> But it's hard to imagine how any low-latency overlay network could resist global adversaries.
This is a bit of an aside, but making a scalabe low-latency anonymous network is tricky. If you drop the scalabe requirement you can use dining cryptographers.
But with Tor, only clients (including onion services) host and access content, and they don't relay traffic. Conversely, relays merely relay traffic, and don't host or access content. Also, only entry guards ever see the IP addresses of clients. And they only see encrypted data going to middle relays.
So attacks like police have used against Freenet are impossible. Because clients never connect directly to each other. The closest analog is taking over an onion site, and then serving malware to users. But that's much harder than running nodes, serving child porn, and logging IPs.
Also, given that relays retain no content, operators have so far managed to escape liability.
Unfortunately, that didn't turn out very well. Let's just say the 'fringes of free speech' took the upper hand and really started defining the platform in the public view, to the point of being strongly associated with the platform. Why would you run a node if it was mainly used for horrible stuff. Same as what happened to tor services, but to a bigger extent.
I really believe in the idea freedom of speech. But some kind of control is unfortunately needed. Otherwise a platform like this will always spiral out of control and kill itself. I think it's one of those things that sounds great in theory but doesn't work in real life.
Perhaps some kind of user voting could be implemented, but it would be extremely slow, too slow to catch up with new content being published. It's a very hard thing to tackle. Free speech is unfortunately not as black and white as its advocates like to see it.
It seems like every single thread about IPFS on HN has several people asking "what happens if you run an IPFS node and a random person online puts something illegal on it?", and that's just not a thing that happens with IPFS.
Luckily for you that blurry line between mainstream and "fringe" is rapidly shifting, and the list of permissible opinions continues to shrink. More and more people will be forced to decide how important guilt by association is to them, and will either make use of the stigmatized tech - or simply shutup.
> But some kind of control is unfortunately needed.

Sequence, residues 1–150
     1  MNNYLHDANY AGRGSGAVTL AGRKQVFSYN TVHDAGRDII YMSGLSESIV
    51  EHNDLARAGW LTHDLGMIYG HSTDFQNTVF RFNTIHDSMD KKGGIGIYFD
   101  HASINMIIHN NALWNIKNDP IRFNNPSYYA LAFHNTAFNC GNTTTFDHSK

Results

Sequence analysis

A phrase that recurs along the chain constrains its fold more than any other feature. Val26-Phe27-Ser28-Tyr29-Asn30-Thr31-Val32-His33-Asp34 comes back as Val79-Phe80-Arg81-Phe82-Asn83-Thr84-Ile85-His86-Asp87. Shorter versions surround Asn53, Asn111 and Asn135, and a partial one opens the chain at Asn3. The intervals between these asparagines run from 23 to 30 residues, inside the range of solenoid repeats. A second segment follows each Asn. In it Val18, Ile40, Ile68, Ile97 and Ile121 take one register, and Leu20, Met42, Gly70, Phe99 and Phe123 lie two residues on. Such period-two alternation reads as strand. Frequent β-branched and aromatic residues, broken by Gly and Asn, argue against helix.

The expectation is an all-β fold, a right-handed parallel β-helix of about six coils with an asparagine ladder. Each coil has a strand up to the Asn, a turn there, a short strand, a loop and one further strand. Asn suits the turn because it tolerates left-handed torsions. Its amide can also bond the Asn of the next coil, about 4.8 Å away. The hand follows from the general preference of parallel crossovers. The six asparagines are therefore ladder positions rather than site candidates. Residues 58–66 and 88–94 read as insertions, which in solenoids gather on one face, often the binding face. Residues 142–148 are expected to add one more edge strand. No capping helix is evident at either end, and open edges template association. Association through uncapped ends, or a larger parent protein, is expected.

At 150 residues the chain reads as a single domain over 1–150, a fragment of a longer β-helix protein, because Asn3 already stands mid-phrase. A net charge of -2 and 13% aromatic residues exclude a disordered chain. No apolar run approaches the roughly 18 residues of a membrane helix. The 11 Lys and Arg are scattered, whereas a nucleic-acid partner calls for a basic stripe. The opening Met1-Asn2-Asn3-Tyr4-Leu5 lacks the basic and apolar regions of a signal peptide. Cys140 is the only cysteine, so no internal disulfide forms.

To what end? Are we protecting the children? Are we preventing the rise of Turbo-Hitler?
> Otherwise a platform like this will always spiral out of control and kill itself.
How do you imagine that happens? Shaming from people saying exactly what you have just said, leading to reduced uptake, justifying censorship - because only bad people use the dark web.
Here is a clue: look at what has happened to lesbians, they are already going through this. I know this because I frequent a thoroughly demonized site run by a free-speech absolutist (well, almost). One day a whole bunch of these women showed up to complain about some insane pre-op transsexual who had succeeded in getting them censored on every major platform. These ladies absolutely hated the site and everyone on it, but they had no alternative.
I'm not doing the demonizing, just pointing out that this inevitably happens.
PS: Who's against lesbians??? I'm pretty sure they are by law protected against discrimination, including the US?
The solution is very simple: enforce the law, force the choice between platform and publisher. If there truly is a need to curtail free speech on a legally protected platform - pass a law making that speech illegal. I'd be curious to see how many heads explode when people learn that "hate speech" is not illegal - and couldn't be made so in the US without hilarious consequences.
I'd rather not name the individual in Canada that was targeting women, but I will say this: some biologically born men have found an interesting loophole in both the political arguments and legal protections afforded on the basis of class and identity. Some lesbians were unimpressed with the idea that they had a moral obligation to grant equal sexual preference to both biologically born women and biologically born men who declared themselves to be women. This is something that has been going on for a while now, and nobody is really allowed to talk about it - because "hate speech".
Apparently it hashes the entire file, meaning it will read it entirely, so I killed it because it took way too long. Apparently there are other methods for fingerprinting large files, like reading a limited set of chunks. I asked on IRC but I did not get a thorough answer.
IPFS is content addressable storage by design on entire files. Reading limited set of chunks poses some problem regarding data integrity and deduplication colisions. One bit flip in JPG may destroy the entire image - thankfuly with currently used hash functions the right and broken files will have different "fingerprint". One way hash functions have extremely low probability of collision with full file scan. However when you skip part of files the probalibity of collision is roughly equal to count of bytes not scaned divided by total file size.
Practically I don't think code for real time updates is written uet
Not the same thing, not the same thing at all...